Some of the youth sang and danced for us.

Denise Foote from the Sustainability Academy

Stitching vegetable art with Bonnie Acker (photo at the top of this series). I chose an eggplant, because it is one of my favorite vegetables (I’m growing some this year) and it would be easy to complete in the 25 minutes +/- we had for this activity. Sarah, my field trip buddy (and the reason I found the garage early that morning) chose a pumpkin – hers is so well done. Sarah lives in D.C. and sharing a background in PR had an interesting talk. She throws pumpkin parties and people bring dishes made of pumpkin (but no pumpkin pie, that’s getting off too easy). How fun! Laurel, a nutritionist from Sonoma (wish I’d gotten her information) made a carrot. She reminded me how vineyards take up a lot of farmland – I guess I’ve got mixed feelings there. I’m all for family owned vineyards producing sustainably made wines…still isn’t there enough for all? A woman from Little Rock, Arkansas made strawberries. Her presence was a reminder of just how much of a farm to school movement is afoot in the state that is responsible for so much of my youth.

Lunch, so good!  The apple kohlrabi salad, potato salad (most of us went for second helpings as we tried to figure out what the non-mayonaise base was) and pizza. *Everyone else had pizza with cheese on it, but when I told the chef I am lactose intolerant he said he’d make me one without – I’m not the kind to bring attention to my rather annoying food deficiency and it was so nice of him to do this!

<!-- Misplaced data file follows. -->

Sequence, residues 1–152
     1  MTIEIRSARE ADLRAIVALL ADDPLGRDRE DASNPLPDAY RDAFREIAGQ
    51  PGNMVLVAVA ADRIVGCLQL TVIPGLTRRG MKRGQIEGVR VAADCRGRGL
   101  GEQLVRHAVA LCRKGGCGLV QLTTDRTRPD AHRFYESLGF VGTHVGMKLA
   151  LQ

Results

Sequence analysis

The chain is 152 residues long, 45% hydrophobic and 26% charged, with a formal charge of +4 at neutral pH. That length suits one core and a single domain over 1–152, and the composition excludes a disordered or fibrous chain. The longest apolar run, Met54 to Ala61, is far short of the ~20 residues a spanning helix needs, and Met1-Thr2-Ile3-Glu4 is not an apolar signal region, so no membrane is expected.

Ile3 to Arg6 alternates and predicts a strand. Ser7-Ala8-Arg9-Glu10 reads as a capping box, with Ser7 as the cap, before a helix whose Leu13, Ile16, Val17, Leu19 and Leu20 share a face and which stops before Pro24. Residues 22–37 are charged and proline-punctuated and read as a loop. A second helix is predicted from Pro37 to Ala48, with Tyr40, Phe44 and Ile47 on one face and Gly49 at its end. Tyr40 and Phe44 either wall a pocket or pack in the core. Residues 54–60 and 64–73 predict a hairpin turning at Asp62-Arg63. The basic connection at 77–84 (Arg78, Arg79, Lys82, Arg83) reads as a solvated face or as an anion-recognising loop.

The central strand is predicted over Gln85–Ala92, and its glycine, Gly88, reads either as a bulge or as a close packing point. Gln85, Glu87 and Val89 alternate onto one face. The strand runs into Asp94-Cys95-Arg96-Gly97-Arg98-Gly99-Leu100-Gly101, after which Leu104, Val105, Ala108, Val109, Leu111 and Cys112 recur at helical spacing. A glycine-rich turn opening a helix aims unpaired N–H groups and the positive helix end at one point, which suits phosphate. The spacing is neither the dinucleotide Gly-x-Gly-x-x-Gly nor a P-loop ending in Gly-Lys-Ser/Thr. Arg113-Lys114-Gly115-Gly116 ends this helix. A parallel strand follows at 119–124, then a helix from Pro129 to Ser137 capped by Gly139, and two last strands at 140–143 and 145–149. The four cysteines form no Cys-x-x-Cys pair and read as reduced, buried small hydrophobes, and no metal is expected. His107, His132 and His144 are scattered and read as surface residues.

Back on the bus to the next stop  (Part Three)

Return to Maine

Sunday, August 5th, 2012

There is so much to tell you about what happened in Vermont at the conference. I met so many people with good intentions and green thumbs who taught me much and were impossibly nice. My presentation turned out all right, and the overall workshop more than all right. In the middle of summer in glorious Vermont to have spent two days among everyday heroes of the pure food movement was a very rich experience. The stories, the details all of it will come soon…

A few housekeeping details first. Last night and this morning I weeded and then had to get down to paperwork. All that everyday stuff had piled up/grown out while I was eating delicious foods and walking around (primarily school!) farms. Upon checking the squash bed I am happy to report everything in it is taking off, phew! My pride and joy last year were my “blue ribbon” Green Hubbards (no one needed to tell me my 15-pounder was worthy of best in show) so I’m relieved/excited to see them coming along.  The squash is beautiful to look at, and will be delicious in breads, cookies and pasta this fall. The watermelon, like the corn and sunflowers I’m just plain old giddy about!  It shall be eaten by hand in the field, seeds spit and remnants shared with the chickens.

Green Hubbard, Blacktail Watermelon, Sweet Reba Bush Acorn Squash

A very exciting thing happened last week as well. I decided to  adopt a dog! It’s been a little over a year since Paige passed, and while my heart is not fully healed (could it ever be?) it seems time. Bacchus found me (I believe animals find us) via a friend of a friend in New Orleans (my favorite American city, the place I found my smile), and next month I head there to pick him up and bring him to Maine. There’s much to do to prepare for his (our) travels and arrival here.

Bacchus walked into Cheryl’s yard, skinny, flea infested, with parvo and scared to death.  After a few days at the vet’s in isolation she brought him home and nursed him back to health. The funny thing is I’d seen pictures of him on her Facebook page since that time and thought what a cutie pie. Being a publicist for vintners and chefs, she named him after the Roman god of wine and intoxication. How perfectly New Orleans!

He’s about a year old, loves people, is interested in cats (in a friendly way), gets along with dogs (she has two small ones) and goes through stuffed animals at record speed. In a few weeks our adventure will begin…

Now, to get Kirkland on board…